The reviewers found the proposal to be overly broad and lacking in details, but noted that the outstanding qualifications and experience of the research team spoke well to its merits. The research plan was straightforward and logical with modest and achievable milestones. Moreover, the applicants provided preliminary data that supported the rationale for the antibody approach and the applicant’s ability to execute. The reviewers cited as strengths the comprehensive screening and characterization experiments as well as the use of novel, targeted strategies for achieving the desired antibody populations. Beyond these strengths, several weaknesses were noted that diminished the overall enthusiasm of the reviewers. In general, the proposal seemed rather diffuse and lacked a central focus on any specific stem, progenitor, or cancer cell population. Concerns were also raised about the undefined purity of cell populations that are to be used as immunogens. One reviewer commented that the probability of identifying a rare stem cell marker from a heterogeneous pool would be remote. Furthermore, some reviewers expressed concerns about the limited throughput that could be achieved with these methodologies. The reviewers were also disappointed that only two cell lines were proposed for these studies. Finally, the applicants failed to provide a detailed discussion of the criteria that would be used to identify antibodies for follow up investigations.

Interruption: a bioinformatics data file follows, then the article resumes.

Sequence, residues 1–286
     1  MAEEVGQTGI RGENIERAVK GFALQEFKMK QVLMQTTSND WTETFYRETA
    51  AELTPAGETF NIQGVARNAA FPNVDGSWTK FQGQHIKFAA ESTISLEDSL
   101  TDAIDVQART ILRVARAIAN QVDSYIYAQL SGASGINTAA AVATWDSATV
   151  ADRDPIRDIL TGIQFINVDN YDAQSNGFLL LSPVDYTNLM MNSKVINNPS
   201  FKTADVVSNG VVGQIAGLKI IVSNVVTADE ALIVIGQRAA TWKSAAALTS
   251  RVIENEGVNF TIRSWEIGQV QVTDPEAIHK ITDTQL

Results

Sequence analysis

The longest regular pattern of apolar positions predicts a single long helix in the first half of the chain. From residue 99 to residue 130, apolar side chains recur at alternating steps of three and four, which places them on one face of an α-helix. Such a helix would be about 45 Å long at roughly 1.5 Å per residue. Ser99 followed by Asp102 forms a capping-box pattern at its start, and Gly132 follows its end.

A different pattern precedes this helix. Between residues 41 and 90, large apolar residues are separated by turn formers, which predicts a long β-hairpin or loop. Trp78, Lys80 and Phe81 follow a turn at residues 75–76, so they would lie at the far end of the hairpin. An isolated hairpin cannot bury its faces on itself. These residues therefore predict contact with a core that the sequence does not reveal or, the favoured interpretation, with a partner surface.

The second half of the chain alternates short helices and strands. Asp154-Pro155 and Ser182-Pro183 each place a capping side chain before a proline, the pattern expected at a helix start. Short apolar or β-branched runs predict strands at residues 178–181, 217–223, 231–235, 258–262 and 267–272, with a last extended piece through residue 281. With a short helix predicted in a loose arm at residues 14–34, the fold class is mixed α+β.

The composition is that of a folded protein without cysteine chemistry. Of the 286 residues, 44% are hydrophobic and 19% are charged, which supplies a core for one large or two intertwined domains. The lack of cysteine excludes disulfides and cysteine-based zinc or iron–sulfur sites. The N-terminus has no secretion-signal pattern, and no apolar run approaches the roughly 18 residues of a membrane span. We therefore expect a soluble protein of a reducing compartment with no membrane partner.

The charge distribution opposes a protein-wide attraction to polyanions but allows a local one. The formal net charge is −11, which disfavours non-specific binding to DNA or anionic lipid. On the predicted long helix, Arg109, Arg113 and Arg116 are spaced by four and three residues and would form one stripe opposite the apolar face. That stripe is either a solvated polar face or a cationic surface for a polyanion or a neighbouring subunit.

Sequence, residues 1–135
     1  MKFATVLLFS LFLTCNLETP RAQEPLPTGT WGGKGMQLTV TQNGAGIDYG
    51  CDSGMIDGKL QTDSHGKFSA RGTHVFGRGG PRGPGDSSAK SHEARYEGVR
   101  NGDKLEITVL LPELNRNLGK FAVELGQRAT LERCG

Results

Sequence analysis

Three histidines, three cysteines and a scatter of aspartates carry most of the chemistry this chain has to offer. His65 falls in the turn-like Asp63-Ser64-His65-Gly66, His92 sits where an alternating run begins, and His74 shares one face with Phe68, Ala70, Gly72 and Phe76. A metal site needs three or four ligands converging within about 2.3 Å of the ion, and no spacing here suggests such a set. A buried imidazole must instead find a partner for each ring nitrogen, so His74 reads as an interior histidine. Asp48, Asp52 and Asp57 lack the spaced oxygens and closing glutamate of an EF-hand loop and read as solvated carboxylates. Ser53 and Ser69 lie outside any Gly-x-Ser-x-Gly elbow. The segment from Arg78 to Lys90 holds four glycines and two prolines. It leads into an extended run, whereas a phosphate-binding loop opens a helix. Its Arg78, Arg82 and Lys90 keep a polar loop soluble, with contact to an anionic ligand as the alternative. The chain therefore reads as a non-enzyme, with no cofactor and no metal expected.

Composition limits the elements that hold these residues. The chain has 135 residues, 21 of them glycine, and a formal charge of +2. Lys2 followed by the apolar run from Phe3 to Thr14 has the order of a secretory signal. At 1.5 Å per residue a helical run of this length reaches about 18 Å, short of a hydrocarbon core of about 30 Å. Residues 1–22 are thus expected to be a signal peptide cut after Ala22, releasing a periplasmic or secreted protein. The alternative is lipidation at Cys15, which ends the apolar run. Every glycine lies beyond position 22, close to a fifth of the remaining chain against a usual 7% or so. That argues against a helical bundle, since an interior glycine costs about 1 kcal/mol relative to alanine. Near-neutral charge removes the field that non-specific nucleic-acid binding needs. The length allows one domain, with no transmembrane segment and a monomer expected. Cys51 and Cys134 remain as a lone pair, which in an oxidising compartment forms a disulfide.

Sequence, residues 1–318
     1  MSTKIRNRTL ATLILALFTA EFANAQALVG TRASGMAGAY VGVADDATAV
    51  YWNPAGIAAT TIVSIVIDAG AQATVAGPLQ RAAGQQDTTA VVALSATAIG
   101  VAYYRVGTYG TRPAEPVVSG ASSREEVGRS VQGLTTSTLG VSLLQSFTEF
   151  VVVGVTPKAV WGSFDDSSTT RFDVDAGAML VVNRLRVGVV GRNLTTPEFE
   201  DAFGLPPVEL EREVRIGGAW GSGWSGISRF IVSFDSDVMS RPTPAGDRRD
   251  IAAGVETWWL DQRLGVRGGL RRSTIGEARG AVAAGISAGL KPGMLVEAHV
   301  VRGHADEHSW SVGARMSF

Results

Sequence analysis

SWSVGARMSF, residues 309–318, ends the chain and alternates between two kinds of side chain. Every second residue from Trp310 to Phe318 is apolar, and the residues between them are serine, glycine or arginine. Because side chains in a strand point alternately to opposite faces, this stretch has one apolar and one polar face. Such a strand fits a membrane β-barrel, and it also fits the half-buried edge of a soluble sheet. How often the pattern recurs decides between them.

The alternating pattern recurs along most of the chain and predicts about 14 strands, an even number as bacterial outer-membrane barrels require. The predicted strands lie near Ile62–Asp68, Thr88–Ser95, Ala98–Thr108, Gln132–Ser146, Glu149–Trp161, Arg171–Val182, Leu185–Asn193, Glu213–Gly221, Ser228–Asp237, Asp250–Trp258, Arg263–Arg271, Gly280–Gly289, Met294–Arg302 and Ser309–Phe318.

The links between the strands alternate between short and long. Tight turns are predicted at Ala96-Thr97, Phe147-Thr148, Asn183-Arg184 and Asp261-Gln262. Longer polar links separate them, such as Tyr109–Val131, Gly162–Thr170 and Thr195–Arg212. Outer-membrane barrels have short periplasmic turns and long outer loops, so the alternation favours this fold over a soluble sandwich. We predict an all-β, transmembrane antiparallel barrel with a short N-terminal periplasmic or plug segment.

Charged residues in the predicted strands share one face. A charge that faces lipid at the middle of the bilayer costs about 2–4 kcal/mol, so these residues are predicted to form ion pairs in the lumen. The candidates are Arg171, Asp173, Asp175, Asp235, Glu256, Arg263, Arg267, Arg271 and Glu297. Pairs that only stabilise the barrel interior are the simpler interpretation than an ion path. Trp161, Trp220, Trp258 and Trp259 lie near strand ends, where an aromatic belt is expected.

The PI and co-investigators were described by the reviewers as eminently qualified, and experts in their respective fields. The only concern raised was that their commitment and the commitment of other project personnel might be insufficient given the ambitious scope of this effort and prior obligations of the PI and co-investigators to ongoing endeavors.
Overall, this was a promising proposal from an outstanding team, but the reviewers were uncertain of its potential to be successfully realized.